Sunday, January 23, 2011

Officials say 'Bath salts' are a growing drug problem: Stay Away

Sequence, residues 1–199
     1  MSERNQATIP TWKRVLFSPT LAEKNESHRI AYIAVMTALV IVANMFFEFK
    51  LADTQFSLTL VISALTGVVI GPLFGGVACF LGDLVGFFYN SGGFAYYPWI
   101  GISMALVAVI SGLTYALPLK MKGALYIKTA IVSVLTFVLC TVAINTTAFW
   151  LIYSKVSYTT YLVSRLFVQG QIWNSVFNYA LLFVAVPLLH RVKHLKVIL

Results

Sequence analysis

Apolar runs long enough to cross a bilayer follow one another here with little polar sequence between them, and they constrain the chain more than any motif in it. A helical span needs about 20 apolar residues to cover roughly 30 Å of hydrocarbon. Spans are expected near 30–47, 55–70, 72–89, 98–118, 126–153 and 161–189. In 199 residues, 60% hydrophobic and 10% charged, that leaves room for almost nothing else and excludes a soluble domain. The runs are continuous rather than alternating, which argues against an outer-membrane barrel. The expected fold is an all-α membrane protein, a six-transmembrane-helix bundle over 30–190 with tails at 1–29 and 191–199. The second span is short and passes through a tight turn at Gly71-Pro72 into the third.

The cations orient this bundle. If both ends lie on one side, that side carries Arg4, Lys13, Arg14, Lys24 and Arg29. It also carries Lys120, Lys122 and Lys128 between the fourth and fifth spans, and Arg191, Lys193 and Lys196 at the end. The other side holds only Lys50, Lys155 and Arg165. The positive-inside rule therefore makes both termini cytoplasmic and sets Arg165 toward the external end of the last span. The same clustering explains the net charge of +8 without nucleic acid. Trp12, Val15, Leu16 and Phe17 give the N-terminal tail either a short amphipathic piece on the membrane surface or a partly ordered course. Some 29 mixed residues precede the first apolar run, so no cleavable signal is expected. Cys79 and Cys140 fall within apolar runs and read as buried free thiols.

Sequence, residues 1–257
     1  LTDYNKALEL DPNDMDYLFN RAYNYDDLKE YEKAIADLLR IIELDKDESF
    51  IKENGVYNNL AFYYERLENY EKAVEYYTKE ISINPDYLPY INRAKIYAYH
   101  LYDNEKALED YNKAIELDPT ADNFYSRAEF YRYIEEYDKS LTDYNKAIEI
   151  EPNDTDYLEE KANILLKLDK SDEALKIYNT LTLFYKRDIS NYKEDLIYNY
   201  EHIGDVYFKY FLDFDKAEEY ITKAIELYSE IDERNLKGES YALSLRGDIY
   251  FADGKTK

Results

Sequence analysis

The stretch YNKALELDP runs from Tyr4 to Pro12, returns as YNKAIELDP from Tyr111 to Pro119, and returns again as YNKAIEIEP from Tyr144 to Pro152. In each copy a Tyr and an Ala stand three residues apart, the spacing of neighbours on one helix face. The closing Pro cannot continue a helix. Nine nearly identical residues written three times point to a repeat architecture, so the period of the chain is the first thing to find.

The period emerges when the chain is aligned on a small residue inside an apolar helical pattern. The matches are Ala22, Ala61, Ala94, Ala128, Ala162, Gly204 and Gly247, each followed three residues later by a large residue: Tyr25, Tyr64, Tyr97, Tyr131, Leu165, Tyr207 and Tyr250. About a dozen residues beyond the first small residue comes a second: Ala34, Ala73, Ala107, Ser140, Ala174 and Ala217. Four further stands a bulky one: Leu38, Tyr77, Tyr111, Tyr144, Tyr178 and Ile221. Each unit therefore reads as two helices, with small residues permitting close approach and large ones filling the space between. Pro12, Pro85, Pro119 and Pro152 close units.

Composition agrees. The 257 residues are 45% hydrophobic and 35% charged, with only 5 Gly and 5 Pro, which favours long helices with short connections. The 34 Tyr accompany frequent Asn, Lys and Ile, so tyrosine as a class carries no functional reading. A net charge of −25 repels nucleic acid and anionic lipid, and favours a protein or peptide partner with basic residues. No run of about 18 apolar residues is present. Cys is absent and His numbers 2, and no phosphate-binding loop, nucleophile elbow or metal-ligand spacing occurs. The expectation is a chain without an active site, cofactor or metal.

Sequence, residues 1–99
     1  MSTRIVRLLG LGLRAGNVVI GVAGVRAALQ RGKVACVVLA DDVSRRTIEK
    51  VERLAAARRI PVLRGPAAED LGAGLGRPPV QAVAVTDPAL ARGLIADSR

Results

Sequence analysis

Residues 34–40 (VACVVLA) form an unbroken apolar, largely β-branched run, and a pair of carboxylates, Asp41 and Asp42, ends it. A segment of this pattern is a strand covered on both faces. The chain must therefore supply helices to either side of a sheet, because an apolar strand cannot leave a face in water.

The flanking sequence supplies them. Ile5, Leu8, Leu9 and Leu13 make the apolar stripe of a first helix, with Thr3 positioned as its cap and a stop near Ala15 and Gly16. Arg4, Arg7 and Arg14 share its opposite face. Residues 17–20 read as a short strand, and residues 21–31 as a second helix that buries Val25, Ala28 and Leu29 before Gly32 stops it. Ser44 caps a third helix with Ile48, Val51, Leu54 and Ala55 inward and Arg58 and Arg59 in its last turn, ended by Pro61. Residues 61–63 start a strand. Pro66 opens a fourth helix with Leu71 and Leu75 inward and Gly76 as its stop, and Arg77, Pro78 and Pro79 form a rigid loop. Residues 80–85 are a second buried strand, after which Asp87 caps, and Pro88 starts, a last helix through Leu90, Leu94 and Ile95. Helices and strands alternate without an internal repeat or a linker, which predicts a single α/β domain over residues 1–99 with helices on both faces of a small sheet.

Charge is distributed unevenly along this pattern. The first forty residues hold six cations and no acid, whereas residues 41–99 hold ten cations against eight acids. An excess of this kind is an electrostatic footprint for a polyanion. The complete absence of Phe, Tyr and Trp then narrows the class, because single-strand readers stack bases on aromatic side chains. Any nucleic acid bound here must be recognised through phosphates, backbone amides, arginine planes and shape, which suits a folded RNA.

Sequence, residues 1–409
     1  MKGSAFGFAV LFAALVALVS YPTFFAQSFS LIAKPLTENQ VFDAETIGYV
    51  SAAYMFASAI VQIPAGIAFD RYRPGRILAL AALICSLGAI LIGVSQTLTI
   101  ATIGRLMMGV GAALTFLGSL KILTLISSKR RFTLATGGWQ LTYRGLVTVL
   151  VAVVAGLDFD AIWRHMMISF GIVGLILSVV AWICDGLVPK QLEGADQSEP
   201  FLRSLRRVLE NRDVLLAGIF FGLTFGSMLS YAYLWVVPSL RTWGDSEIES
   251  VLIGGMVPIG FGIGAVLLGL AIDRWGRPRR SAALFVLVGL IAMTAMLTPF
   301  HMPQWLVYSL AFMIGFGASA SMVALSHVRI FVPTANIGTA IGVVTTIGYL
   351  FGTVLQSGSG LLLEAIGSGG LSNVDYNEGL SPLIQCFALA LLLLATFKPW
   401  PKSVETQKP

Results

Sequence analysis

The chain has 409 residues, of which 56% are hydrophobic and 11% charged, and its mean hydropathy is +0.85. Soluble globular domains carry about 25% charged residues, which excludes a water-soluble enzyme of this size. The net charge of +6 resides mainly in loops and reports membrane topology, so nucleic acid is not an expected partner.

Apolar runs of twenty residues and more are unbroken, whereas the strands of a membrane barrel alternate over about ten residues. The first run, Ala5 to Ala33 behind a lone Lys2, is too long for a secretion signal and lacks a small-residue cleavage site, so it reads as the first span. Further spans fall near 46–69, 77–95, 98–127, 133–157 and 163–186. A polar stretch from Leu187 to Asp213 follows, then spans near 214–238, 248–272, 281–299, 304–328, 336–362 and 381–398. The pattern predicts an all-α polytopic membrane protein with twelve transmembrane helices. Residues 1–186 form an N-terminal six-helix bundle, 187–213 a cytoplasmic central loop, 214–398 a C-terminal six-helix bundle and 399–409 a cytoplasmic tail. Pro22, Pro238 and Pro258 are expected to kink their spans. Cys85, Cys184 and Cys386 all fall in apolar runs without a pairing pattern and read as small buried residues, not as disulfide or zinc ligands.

Sold under such names as Ivory Wave, Bliss, White Lightning and Hurricane Charlie, the chemicals can cause hallucinations, paranoia, rapid heart rates and suicidal thoughts, authorities say. The chemicals are in products sold legally at convenience stores and on the Internet as bath salts and even plant foods. However, they aren't necessarily being used for the purposes on the label. Law enforcement agents and poison control centers say the advertised bath salts with complex chemical names are an emerging menace in several U.S. states where authorities talk of banning their sale. When Neil Brown got high on dangerous chemicals sold as bath salts, he took his skinning knife and slit his face and stomach repeatedly. Brown survived, but authorities say others haven't been so lucky after snorting, injecting or smoking powders with such innocuous-sounding names as Ivory Wave, Red Dove and Vanilla Sky. In Brown's case, he said he had tried every drug from heroin to crack and was so shaken by terrifying hallucinations induced by Hurricane Charlie that he wrote one Mississippi paper urging people to stay away from the advertised bath salts. "I couldn't tell you why I did it," Brown said, pointing to his scars. "The psychological effects are still there." - SHELIA BYRD Associated Press

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